Technology has been a male-dominated industry for quite some time. In the US, evidence suggests that women hold more degrees than men and make up almost 58% of the professional workforce, but their representation in Information Communication Technology (ICT) is very low, at less than 25%. Negative stereotypes, lack of role models, discouragement, and low self-confidence are some of the barriers that hinder a woman’s path. Tracey Welson-Rossman, CMO of Chariot Solutions and the founder of TechGirlz, a non-profit organization, works toward inspiring middle school girls to consider careers in technology.
Filling the Gap
After graduating from Drexel University, Tracey started her career in retail management and advertising sales, where she learned things like leadership development, marketing, and distribution. But she was always an entrepreneur at heart. Tracey witnessed a hole in the industry and mindset which was not being addressed: the absence of girls who believed that technology was a promising career for them. This led to the start of TechGirlz in 2009 to provide the support, resources, and education that girls need in their early years to learn the truth about tech, as she knew first-hand how satisfying and flexible a career in technology can be.
Encouraging Tech Pursuit
Tracey noticed a major disconnect between the market and the tech industry, and to address this issue, she founded TechGirlz to inspire middle school girls to explore the possibilities of technology to empower their careers. Tracey’s mission is to help adolescent girls understand that a future in technology does not necessarily equate to a “boring computer job” but instead transcends the cubicle into nearly every field imaginable.
Funded by individuals, small tech companies, developers, and large companies such as the SAP Foundation, who share Tracey’s singular vision, TechGirlz offers technology events, classes, programs, peers, mentors, role models, and online and offline resources. To date, Tracey has worked with more than 5,000 girls across the country and impacted their lives for the better. Through the creation of free, fun, interactive TechShopz led by industry professionals, leaders, and students, the free workshop curriculum is shared with companies, organizations, schools, and community groups to inspire girls around the world to step into the world of technology. Funded by donations, an Entrepreneur Summer Camp is held every year to remedy the under-representation of women in tech startups.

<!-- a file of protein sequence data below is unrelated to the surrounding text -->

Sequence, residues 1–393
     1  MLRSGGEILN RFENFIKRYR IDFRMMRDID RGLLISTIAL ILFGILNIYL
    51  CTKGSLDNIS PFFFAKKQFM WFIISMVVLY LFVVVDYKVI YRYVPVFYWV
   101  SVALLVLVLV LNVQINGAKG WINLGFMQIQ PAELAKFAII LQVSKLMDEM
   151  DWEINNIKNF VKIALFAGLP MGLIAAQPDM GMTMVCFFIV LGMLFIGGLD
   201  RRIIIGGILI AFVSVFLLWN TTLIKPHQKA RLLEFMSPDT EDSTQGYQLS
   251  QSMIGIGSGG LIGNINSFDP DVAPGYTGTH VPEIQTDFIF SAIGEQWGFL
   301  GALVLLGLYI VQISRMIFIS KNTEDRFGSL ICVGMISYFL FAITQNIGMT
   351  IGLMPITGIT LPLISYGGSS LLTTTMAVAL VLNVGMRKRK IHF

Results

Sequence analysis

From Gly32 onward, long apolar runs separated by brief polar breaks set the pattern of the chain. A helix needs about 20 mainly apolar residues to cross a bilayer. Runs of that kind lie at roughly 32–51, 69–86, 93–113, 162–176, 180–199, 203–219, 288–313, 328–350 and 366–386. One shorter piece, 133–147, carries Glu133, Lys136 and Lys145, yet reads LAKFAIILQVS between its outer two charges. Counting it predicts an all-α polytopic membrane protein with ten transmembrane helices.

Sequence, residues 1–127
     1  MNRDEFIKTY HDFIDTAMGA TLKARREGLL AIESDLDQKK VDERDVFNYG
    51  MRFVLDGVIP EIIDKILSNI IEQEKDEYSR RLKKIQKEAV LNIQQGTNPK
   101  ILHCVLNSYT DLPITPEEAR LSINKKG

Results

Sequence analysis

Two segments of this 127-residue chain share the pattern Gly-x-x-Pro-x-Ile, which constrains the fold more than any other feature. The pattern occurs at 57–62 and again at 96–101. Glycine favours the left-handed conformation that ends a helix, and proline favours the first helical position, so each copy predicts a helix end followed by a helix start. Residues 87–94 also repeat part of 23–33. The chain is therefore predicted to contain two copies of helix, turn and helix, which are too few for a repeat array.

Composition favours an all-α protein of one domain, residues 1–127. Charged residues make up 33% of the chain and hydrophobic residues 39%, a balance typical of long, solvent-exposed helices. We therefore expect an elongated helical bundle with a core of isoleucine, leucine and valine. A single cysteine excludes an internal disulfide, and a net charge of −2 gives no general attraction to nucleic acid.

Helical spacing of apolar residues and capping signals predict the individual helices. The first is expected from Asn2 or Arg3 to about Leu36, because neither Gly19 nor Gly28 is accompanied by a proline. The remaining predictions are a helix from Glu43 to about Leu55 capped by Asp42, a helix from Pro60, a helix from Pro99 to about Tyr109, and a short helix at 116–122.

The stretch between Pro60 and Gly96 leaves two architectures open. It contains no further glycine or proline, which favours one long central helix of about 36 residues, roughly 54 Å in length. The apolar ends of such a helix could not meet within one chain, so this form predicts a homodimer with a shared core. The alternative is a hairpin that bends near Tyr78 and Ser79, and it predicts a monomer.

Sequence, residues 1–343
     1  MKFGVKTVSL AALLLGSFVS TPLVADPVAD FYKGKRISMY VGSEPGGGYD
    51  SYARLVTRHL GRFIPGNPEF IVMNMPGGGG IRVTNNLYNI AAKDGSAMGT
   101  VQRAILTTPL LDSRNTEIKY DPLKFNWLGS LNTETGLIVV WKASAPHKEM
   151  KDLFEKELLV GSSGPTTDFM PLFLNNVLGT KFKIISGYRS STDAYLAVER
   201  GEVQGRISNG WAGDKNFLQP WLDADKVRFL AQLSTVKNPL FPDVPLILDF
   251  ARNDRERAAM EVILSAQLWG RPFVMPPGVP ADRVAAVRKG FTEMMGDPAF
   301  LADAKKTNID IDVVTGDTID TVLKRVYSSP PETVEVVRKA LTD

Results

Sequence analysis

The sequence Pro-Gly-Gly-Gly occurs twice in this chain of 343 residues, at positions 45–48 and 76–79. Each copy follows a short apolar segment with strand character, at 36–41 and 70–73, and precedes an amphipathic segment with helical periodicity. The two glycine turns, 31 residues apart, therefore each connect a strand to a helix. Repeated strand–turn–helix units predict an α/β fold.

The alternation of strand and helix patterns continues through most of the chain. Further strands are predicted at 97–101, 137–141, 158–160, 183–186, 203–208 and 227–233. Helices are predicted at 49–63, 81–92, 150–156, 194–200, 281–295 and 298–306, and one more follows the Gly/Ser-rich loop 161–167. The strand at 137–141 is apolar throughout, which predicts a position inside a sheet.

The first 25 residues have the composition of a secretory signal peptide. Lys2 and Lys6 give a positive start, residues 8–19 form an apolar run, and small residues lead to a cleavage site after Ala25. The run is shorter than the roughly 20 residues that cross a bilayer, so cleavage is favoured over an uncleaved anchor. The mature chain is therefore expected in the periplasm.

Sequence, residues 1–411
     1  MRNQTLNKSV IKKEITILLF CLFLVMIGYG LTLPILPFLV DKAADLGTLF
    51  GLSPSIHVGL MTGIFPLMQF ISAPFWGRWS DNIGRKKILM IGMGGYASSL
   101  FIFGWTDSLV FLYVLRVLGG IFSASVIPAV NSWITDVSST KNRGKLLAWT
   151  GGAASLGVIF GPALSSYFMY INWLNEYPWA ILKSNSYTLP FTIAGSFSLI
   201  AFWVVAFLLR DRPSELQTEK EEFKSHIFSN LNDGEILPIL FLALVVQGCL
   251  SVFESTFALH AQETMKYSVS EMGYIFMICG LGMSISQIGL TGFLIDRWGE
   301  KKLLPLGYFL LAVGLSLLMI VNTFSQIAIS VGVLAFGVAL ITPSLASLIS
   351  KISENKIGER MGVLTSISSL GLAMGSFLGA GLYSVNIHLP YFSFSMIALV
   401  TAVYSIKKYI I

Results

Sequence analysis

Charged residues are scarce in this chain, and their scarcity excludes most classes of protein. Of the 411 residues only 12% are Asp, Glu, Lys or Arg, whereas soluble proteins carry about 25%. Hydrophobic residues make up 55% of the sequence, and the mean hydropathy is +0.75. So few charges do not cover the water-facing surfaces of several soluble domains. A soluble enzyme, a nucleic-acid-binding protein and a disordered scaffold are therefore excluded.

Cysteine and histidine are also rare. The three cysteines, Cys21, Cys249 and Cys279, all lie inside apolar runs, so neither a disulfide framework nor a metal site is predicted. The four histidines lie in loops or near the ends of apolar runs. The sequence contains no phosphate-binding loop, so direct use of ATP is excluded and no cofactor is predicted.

Technology in Business
Tracey understands what makes the IT community tick and what resonates with them, prompting her to start Chariot Solutions in 2002, a leading Philadelphia area enterprise application and mobile development consulting firm. As the Chief Marketing Officer of the company, she is responsible for branding, marketing, social media, and managing the sales team, besides taking market trends into consideration and turning them into business opportunities.
The firm offers software development, systems integration, mobile application development, and training using cutting-edge programming languages and frameworks. Chariot Solutions has been twice recognized as a top place to work in Philadelphia and has grown from a staff strength of 10 to over 50 full-time employees, over 90% of whom are technologists.
Donning Many Hats
Tracey also works towards strengthening the community as a whole and is the founder and current chair of the Emerging Technologies for the Enterprise Conference (ETE), which is held in Philadelphia each year and attracts world-renowned thought leaders in cutting-edge technologies. She is also one of the founding board members of Philadelphia Startup Leaders, a regional organization dedicated to growing technology startups. Among the many feathers on her hat, few include being honored as a Woman of Distinction in 2015, one of the Most Valuable Women in Tech in 2016, and one of 40 Women to Watch over 40 worldwide in 2013.
Empower, Mentor, and Guide
Tracey Welson-Rossman brought her years of experience in the technology and entrepreneurial space, along with her own healthcare journey navigating a chronic condition, to create an easy-to-use app called Journal My Health in 2021 to capture, learn from, and share patients’ vital personal health information.
As a message to women who fear taking that leap of faith, Tracey says, “The opportunity is unlimited, so just take it up and move forward.”
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